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Shrine Game: First Day Winners And Losers

Jan 15, 2013 9:39 PM EST

By Jeff Risdon

I’m live in St. Petersburg for Shrine Game Week and taking meticulous notes on all the practices. Here are some quick winners and losers from the first two days. 

Winners

Emory Blake, WR, Auburn--he looked very electrifying in his burst off the line and consistently caught the ball with his hands well away from his body. Blake also made the play that elicited the biggest response from those in attendance, a double move that he executed so crisply and quickly that he spun the defender around and into the ground like a top. It was akin to watching Allen Iverson crossing someone over. Blake is a guy who suffered in 2012 because of lousy QB play at Auburn and this week is an excellent chance for him to build momentum.

D.C. Jefferson, TE, Rutgers--Jefferson looks more like a converted lineman than a converted quarterback, very thickly framed at 6’6” and 250. He flashed very strong hands and surprising agility for a bigger man, and he catches anything near him--including behind his back leg. This is shaping up to be a very good and deep TE class, and Jefferson has moved himself up at least one tier in my mind.

Caleb Schreibeis, DE, Montana State--every draftnik latches onto a prospect each year that becomes their “guy”. Schreibeis is my guy this year. He has really impressed with his agility, his quick hands, and his ability to flatten around the corner. I need to get some game film on him, but everything I’ve seen in the first two days here tells me this is a guy that can contribute quickly in the NFL. A NFL team agrees, comparing him to Rob Ninkovich as they dined at the Waffle House near the Tradewinds Resort that serves as the base hotel for the week.

Ray Graham, RB, Pittsburgh--the mighty mite is easily the best RB in St. Pete and it’s not really close. His shiftiness, his burst out of cuts, his acceleration, and his vision are all superior to the other backs. I liked Graham more than most heading here and I like him even more now. He could very well be the third or fourth RB off the board now and emerge as a Jamaal Charles-style back. 

Cooper Taylor, S, Richmond--his stature makes him a natural standout at 6’4” and 229 pounds, but he has also played pretty well in live drills. You can see his instinctiveness in both the running and passing games, and he has the quickness to close and make the play. Medical concerns--he had to leave Georgia Tech for a heart issue--will weigh on his stock but he has been the most impressive safety so far. 

Duke Williams, S, Nevada--Williams is quickly becoming an all-or-nothing type of player. It seems he is always either making a legitimately great play or being caught trying to make it a little too zealously. I love his build and his aggressiveness; the right coach can harness Williams and he can start right away for a lot of teams.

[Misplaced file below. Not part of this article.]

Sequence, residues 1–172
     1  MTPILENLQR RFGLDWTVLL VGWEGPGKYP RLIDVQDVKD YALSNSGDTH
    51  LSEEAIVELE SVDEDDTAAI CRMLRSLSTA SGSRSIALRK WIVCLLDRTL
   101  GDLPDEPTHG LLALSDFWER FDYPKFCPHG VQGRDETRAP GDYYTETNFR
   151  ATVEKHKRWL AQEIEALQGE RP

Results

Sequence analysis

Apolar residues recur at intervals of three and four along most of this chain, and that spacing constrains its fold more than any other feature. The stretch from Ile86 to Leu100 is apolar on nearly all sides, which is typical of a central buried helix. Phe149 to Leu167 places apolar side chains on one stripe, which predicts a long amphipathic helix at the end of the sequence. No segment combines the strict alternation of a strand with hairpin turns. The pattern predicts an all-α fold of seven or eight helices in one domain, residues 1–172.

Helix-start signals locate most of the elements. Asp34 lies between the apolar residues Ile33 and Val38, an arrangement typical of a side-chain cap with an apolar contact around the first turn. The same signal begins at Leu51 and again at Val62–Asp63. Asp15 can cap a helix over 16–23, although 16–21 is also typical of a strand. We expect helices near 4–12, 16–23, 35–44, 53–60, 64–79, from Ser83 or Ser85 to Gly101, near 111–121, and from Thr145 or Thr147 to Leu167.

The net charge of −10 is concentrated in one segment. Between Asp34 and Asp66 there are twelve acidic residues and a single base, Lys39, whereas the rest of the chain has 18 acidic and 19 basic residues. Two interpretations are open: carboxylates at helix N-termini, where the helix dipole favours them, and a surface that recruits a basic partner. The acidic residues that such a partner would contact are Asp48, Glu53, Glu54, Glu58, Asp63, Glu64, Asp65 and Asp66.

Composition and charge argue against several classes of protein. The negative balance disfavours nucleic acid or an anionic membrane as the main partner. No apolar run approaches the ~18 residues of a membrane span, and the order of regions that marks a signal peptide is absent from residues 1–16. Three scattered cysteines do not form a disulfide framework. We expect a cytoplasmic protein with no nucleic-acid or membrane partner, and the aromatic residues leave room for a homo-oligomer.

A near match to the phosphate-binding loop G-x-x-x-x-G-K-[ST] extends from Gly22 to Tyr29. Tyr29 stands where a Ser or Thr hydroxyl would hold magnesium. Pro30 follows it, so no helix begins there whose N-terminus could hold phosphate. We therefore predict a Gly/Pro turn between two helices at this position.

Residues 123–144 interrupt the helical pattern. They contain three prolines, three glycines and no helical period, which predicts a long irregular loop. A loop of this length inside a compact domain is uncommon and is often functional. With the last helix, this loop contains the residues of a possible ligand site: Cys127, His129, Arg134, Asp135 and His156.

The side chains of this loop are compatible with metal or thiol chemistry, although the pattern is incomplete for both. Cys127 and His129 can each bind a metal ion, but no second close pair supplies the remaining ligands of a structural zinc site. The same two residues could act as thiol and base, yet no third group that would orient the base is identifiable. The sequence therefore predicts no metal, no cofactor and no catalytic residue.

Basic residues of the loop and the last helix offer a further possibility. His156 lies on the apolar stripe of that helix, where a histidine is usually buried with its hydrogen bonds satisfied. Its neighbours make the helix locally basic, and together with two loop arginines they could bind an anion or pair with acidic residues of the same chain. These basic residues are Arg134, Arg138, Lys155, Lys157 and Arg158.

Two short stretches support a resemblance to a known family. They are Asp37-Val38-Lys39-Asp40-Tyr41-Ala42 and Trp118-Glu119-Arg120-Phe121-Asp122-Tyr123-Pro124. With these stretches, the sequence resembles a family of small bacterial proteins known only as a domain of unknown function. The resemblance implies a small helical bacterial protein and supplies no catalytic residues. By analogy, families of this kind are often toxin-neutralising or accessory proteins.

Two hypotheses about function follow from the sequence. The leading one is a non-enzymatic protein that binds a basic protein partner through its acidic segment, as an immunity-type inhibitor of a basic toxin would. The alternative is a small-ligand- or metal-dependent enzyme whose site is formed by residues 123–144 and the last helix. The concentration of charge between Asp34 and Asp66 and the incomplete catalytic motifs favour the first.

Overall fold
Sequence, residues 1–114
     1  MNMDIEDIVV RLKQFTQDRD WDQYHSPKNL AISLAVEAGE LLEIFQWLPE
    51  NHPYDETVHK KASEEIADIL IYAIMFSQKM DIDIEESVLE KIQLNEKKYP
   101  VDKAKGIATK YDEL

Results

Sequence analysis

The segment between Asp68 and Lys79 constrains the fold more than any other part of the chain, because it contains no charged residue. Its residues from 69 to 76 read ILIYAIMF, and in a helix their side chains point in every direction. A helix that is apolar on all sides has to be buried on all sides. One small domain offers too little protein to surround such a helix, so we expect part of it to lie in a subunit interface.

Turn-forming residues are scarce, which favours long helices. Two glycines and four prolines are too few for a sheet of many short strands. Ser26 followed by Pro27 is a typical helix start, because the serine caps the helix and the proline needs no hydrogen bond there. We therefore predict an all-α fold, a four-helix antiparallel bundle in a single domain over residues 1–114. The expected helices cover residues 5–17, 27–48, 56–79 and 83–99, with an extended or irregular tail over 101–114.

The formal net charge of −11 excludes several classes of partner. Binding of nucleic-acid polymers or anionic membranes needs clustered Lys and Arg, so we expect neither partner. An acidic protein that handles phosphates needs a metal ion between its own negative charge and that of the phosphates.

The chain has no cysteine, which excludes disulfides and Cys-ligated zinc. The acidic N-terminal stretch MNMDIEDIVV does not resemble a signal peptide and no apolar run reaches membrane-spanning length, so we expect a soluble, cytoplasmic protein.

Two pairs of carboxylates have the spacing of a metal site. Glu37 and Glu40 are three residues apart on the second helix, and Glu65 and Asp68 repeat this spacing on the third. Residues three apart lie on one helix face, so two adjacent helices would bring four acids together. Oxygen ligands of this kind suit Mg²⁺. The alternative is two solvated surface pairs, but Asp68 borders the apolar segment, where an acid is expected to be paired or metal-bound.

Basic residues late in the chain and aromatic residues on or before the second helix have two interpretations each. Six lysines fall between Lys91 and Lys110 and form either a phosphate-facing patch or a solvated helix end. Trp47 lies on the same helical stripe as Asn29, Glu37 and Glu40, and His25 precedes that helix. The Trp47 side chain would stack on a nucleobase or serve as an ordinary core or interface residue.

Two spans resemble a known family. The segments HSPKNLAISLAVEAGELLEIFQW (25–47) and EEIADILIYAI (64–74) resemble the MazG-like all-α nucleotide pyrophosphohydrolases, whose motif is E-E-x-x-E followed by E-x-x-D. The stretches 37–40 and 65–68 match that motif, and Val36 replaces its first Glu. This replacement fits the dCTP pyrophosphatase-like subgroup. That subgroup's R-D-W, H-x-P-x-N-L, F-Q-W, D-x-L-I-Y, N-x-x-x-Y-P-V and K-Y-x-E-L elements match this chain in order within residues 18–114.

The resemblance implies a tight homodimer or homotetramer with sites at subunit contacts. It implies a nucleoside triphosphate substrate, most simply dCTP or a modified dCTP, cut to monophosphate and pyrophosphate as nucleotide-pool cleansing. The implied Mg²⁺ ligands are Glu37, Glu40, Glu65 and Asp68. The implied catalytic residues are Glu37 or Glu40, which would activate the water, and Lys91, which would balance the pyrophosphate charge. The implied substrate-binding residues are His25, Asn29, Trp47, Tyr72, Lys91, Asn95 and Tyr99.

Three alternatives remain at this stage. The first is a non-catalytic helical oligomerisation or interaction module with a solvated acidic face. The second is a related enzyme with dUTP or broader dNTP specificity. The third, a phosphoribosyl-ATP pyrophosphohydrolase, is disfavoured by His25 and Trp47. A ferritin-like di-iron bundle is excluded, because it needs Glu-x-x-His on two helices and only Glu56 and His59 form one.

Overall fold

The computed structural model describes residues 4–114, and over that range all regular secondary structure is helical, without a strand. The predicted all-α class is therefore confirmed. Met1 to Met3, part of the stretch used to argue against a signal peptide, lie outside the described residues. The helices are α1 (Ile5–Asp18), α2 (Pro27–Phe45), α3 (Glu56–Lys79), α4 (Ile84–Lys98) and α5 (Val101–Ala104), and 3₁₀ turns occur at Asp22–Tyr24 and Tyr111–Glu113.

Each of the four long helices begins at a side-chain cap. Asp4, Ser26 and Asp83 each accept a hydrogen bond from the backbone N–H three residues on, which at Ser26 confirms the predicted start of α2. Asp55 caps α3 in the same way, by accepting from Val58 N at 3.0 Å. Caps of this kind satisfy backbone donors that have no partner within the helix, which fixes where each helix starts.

Keith Pough, LB, Georgetown--the point of these games for the small-school guys is to attract positive attention and buzz. Pough has done so thanks to his relentless energy, obvious athletic prowess, and quickness to learn from his mistakes. When the coaches tell him something, he is very quick to learn and implement it into his game, and he’s quite proud of that. He should be. 

Losers

Andrew Robiskie, C, Western Illinois--I consider his father Terry, a former NFL coach, to be a very good man and I respect the family name. So it pains me to be so harsh on his son, but Andrew has really struggled here. His lack of strength is readily apparent on every rep, and his snapping isn’t very consistent either. I see a guy that knows he’s in over his head and is trying too hard to make up for it. 

Eric Kush, G, California PA--As I stated above, the goal for small school guys is to draw attention and build buzz. I’ve watched the East linemen pretty intently and I have almost no notes of Kush. He simply does not stand out enough. I can’t say he’s been bad because I would have that in my notes, but he’s done little to capture anyone’s fancy either. 

Seth Doege, QB, Texas Tech--He is quite visibly smaller and weaker armed than his West QB counterparts Matt Scott and Alex Carder. With those being the prevailing knocks on him coming here, Doege really needed to do everything else well. He has not, floating some passes and showing impatience in the pocket. As far as Texas Tech QBs of recent vintage go, I prefer Taylor Potts to Doege. 

Kayvon Webster, CB, South Florida--Two quick days after Rahim Moore’s fateful mistimed jump in coverage allowed the Ravens to advance over the Broncos, Webster did the exact same thing early in Monday’s practice. He jumped early and was too shallow in coverage, allowing an easy catch over the top as he crashed to the turf. Aside from agility drills, where he has thrived, Webster has really struggled in the competitive parts of practices.

Manasi Foteki, T, West Texas A&M--The colossal Kansas State transfer sat out Tuesday practice with a strained calf, an injury that will almost certainly end his week here. He could have benefitted from the coaching and reps against more prominent competition as much as anyone down here, and he has legit talent and upside that would play well in the heat of practice sessions.

Travis Howard, CB, Ohio State--Howard is what my friend Brent used to term a “lightswitch” talent. When the lights were off in agility drills and no real competition, Howard looks fantastic. But when the lights come on and the competition gets real, Howard wilts under the light. His rather spectacular inability to locate the ball in coverage, or even be aware of when to look for it, have been quite the topic of discussion along the sidelines of St. Pete High School, where the West team practices.